Ingredient IQ: Basil

The hot, sunny days of summer bring out the best in this aromatic herb. Here’s how to select, store, and prepare basil for maximum freshness and flavor, plus some tasty recipes to make with it.

How to Pick, Prep, and Store Fresh Basil 

From June to September, when basil is abundant, pick up large, leafy bunches from local sources that show no signs of yellowing or wilting. Gently rub a leaf and take a whiff; it should have a pungent smell. (If not, choose another bunch.) Avoid bunches with buds or flowers: Mature, blossoming plants may have bitter leaves.

Basil plants thrive in the hot sun, but cut basil should be kept cool to prevent wilting and yellowing. Store stems bouquet-style in a jar of water in a shady spot in your kitchen so they won’t wilt prematurely. Keep it out of the fridge, where leaves tend to brown quickly.

When it comes to preparing the fresh herb, a quick blast of heat does the best job of heightening the herb’s fragrant flavor compounds, which don’t stand up well to longer cooking times. Add chopped or torn leaves as a finishing touch to soups, stews, pasta, grains, and beans.

Basil Varieties: Thai, Sweet, Cinnamon, and Greek

Sweet (or Italian) basil is the mild-tasting variety that’s familiar to most, but other types are available at garden stores and farmers markets. Thai basil has smaller leaves and a stronger anise flavor. There are also Greek, lemon, lime, and cinnamon varieties to choose from. Flavors vary a little, but they’re all interchangeable in recipes.

How to Grow Basil  

Basil is easy to grow, and there’s nothing like picking fresh herbs right in your kitchen! Here’s how to do it.

  1. Plant two or three seedlings together in a full-sun garden spot or on a windowsill in a 1-qt. Pot. Planting multiples prevents overharvesting a single plant.
  2. Water every two or three days, or when the soil is dry.
  3. Pinch off large leaves and small leaf clusters just above a pair of new-growth leaves. Regular harvesting stimulates growth and keeps the plant full.

Everyday Uses

Basil can complement and heighten the flavor of a wide range of ingredients. Below are just a few ideas for incorporating it into your kitchen routine. Be generous as you sprinkle it on or stir it in: It’s almost impossible to overdo it with fresh basil!

  • Summer veggies: Every summer vegetable goes with fresh basil. Tomatoes are a classic pairing, but the herb can be used to season everything from artichokes to zucchini. Roll just-steamed corn on the cob in chopped fresh basil for a mouthwatering summertime side. 
  • Fresh fruit: A cousin of mint, basil has a sweet side as well. It goes beautifully with berries, stone fruits (peaches and plums), melons, and citrus. Stir chopped basil into fruit salads, add a few leaves to smoothies, and tuck a few stems into fruit waters.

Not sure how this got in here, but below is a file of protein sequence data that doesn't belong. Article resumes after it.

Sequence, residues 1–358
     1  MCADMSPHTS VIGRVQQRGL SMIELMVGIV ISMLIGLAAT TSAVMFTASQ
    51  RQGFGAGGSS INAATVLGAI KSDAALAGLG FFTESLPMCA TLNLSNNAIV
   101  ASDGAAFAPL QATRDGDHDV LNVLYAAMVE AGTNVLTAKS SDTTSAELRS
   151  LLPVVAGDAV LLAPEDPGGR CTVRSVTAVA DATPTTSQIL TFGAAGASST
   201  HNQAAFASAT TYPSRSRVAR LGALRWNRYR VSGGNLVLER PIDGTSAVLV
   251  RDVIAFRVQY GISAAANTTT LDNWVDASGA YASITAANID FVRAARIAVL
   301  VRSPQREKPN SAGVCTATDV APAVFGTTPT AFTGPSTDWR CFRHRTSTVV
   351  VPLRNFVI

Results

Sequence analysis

• Tomato sauce: Stir together 4 cups diced fresh tomatoes, 1 cup chopped fresh basil, ¼ cup finely chopped onion, and ½ teaspoon minced garlic. Serve over pasta, or use as an alternative to salsa or salad dressing.
  • Gremolata: This oil- and nut-free condiment can be used in place of pesto: Purée 1 cup fresh basil leaves with 1 peeled clove garlic and 1 teaspoon finely grated lemon zest. Store in the fridge up to 3 days.

Using Dried in Place of Fresh Basil

No fresh basil on hand? You can use 1 teaspoon of dried for every 1 tablespoon of fresh that a recipe calls for. Dried herbs have a much more concentrated flavor than fresh.

More Basil Recipes to Try

Related News

Try Our Top-RatedMeal Planner Free

Forks Meal Planner takes the hard work out of making nutritious meals the whole family will enjoy.



Join our best-selling course at a new lower price!

Save $200 Now

About the Author

Headshot of Mary Margaret Chappell

About the Author

Mary Margaret Chappell

When Mary Margaret Chappell first started out in the plant-based food world as a writer, editor, and recipe developer, she was a bacon-loving former pastry chef who didn’t think she could ever cook without butter. Fourteen years, four cookbooks, dozens of cooking classes, and hundreds of recipes later, her favorite thing in the world is sharing the tips, techniques, and recipes that show just how easy and delicious whole-food, plant-based cooking can be. The former food editor of Vegetarian Times magazine has done away with her dependency on butter and is honing her skills at baking with natural sweeteners. Chappell lives in France, where plant-based eating can often be a challenge, but the fruits, vegetables, grains, and legumes available are simply amazing. Find her on Instagram and Facebook.
See More from this Author

Free Download

Free 5-day meal plan!

Get a taste for healthy, fuss-free meal planning with this free five-day meal plan from Forks Meal Planner!

By providing your email address, you consent to receive newsletter emails from Forks Over Knives. We value your privacy and will keep your email address safe. You may unsubscribe from our emails at any time.

Placeholder image

Join our mailing list

Get free recipes and the latest info on living a happy, healthy plant-based lifestyle.

By providing your email address, you consent to receive newsletter emails from Forks Over Knives. We value your privacy and will keep your email address safe. You may unsubscribe from our emails at any time.